I grew up rooting for the Cleveland Indians, a bit too late for Bob Feller and Al Rosen but in time for “Sudden” Sam McDowell, Vic Davalillo, and slugger Rocky Colavito. When I traded baseball cards, Indians had double value. So I’m admittedly being sentimental in lamenting the replacement of the Indians moniker, and the inimitable mascot Chief Wahoo, with the team’s new name: the Cleveland Guardians. Two Cleveland sports teams now have names that would seem to have no relationship to the gritty city of my birth: the basketball Cavaliers and the baseball Guardians.
Surely the team could have done better. Yes, “Guardians of Traffic” Art Deco statues bestride the Hope Memorial Bridge that connects the city’s west and east sides. But to say that most Clevelanders were unaware of these treasures would be an overstatement, and it can’t be overlooked that the team announced its decision to abandon Chief Wahoo amid the cultural cascade that followed George Floyd’s death.
A better approach would have preserved a proud sports tradition: team names that reflect the industry and character of their cities. Think here of the Green Bay Packers, reflecting a meatpacking past; the Pittsburgh Steelers, recalling Andrew Carnegie and the industry that built the city; the San Francisco 49ers, providing a history lesson for those who have forgotten the gold standard; and the Boston Celtics, their leprechaun mascot tipping a hat to the city’s many emigrants from County Cork. Going ethnic is tricky, though: the Cleveland Hungarians would not do. And not all good names require an industrial connection: Philadelphia’s 76ers don’t reflect the city’s economic past, but celebrating the Declaration of Independence ain’t bad.
The Guardians don’t compare favorably, and superior alternatives existed. From 1887 to 1899, the Cleveland Spiders competed in the American Association and the National League; among modern-day fans, the unique name was a much-discussed possibility. But another option would have followed the local-industry theme. In 1961, George Steinbrenner, before he became the owner of the New York Yankees, bought a franchise in the short-lived American Basketball League and named it the Cleveland Pipers after an area amateur team owned by a local plumbing and heating contractor. It was the perfect name for a team from Cleveland, a city of widely varied manufacturers of all sorts—whether tool-and-die makers, auto assembly, or steel making.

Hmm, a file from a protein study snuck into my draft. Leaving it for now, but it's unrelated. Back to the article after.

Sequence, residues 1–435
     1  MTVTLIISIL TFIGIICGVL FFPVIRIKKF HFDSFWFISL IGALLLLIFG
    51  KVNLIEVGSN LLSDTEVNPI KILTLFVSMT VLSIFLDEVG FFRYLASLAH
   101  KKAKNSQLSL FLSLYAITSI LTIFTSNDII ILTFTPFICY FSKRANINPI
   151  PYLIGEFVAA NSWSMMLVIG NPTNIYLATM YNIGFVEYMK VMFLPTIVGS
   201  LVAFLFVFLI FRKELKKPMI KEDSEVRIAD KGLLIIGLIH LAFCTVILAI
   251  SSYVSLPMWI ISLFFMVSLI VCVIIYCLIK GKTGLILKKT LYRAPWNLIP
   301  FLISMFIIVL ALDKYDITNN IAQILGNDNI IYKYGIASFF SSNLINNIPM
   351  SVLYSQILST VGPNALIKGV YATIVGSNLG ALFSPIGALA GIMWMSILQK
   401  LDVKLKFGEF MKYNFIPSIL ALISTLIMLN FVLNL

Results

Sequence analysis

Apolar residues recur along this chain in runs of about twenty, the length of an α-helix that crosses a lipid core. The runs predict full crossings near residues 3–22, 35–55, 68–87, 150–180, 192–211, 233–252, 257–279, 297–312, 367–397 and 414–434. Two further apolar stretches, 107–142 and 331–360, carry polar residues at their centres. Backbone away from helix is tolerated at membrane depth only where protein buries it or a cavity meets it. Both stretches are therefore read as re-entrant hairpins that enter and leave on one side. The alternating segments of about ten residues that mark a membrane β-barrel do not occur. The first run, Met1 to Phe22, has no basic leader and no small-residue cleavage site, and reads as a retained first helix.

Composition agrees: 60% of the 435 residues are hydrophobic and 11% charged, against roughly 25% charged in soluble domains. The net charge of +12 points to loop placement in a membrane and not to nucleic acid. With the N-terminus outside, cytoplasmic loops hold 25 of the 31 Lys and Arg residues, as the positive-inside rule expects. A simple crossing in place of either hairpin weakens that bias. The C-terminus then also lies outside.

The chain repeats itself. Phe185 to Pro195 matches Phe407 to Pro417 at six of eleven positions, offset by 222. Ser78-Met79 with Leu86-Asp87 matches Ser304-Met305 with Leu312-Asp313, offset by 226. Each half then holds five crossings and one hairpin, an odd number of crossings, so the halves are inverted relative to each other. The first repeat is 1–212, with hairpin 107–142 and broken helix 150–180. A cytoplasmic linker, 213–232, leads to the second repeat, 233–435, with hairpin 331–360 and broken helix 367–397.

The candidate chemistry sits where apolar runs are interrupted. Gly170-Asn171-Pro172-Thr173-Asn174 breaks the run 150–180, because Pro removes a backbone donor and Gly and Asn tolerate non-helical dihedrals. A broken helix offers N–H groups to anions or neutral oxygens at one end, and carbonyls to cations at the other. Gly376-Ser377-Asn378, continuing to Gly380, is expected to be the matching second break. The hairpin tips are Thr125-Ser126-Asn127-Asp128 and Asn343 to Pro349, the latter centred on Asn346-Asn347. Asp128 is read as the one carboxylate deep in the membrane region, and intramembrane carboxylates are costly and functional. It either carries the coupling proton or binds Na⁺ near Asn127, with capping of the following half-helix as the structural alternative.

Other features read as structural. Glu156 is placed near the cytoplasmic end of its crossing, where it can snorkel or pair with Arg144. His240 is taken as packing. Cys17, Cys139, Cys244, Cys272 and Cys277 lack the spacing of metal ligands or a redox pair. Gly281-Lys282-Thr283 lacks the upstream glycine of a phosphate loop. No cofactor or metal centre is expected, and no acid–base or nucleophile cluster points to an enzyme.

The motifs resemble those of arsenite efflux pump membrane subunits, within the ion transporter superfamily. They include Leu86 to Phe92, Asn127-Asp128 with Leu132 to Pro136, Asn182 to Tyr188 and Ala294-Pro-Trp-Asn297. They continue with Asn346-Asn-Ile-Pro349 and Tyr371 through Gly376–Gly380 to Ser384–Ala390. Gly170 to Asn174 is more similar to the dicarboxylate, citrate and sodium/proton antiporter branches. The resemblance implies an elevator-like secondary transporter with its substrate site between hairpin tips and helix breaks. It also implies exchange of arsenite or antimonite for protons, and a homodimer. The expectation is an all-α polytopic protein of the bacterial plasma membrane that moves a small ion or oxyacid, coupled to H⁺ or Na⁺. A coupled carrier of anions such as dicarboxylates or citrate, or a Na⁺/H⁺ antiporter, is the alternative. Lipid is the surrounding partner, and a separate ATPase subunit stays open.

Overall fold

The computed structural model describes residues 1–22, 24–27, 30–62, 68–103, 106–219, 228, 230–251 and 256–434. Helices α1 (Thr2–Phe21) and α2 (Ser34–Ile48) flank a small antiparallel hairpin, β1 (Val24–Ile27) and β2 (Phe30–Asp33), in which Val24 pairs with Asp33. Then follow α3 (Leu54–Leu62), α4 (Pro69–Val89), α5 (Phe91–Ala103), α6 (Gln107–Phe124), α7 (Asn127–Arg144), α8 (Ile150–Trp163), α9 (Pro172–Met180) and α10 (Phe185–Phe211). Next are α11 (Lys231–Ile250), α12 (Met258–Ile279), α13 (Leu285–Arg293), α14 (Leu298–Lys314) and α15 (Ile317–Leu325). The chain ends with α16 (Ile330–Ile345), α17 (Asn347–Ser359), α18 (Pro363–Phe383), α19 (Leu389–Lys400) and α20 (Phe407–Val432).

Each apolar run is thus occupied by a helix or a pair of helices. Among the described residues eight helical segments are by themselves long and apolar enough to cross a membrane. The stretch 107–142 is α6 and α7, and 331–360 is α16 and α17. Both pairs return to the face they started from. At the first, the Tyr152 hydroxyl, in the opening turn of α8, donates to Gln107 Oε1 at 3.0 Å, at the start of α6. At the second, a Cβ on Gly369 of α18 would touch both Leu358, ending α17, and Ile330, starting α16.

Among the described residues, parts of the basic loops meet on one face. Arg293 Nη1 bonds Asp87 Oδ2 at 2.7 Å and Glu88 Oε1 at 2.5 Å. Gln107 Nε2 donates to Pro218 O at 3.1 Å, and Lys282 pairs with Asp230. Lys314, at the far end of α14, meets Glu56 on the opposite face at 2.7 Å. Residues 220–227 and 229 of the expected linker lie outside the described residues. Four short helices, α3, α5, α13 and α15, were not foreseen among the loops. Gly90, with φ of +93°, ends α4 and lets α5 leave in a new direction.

I rooted for the Pipers, and they’re well worth rediscovering. In the ABL’s only full season—1961–62—the team won the league championship, having lured an NBA star (Dick Barnett of the Syracuse Nationals) to join the upstart league. The Pipers were led by the first black coach in professional basketball, John McClendon, who would go on to become a member of the Basketball Hall of Fame. McClendon had been an extremely successful coach for historically black colleges in the South and was famous for having coached what was then called the North Carolina College for Negroes (now North Carolina Central) in the famous “Secret Game” against all-white Duke—said to be the first time black and white college basketball players competed on the same floor. And McClendon was also part Delaware Indian, having learned basketball directly from its inventor, James Naismith, while remaining forbidden to play collegiate ball in the still-segregated late 1940s. This is a hidden history the city could have chosen to celebrate. It would certainly yield a far better name than the focus-grouped “Guardians.”
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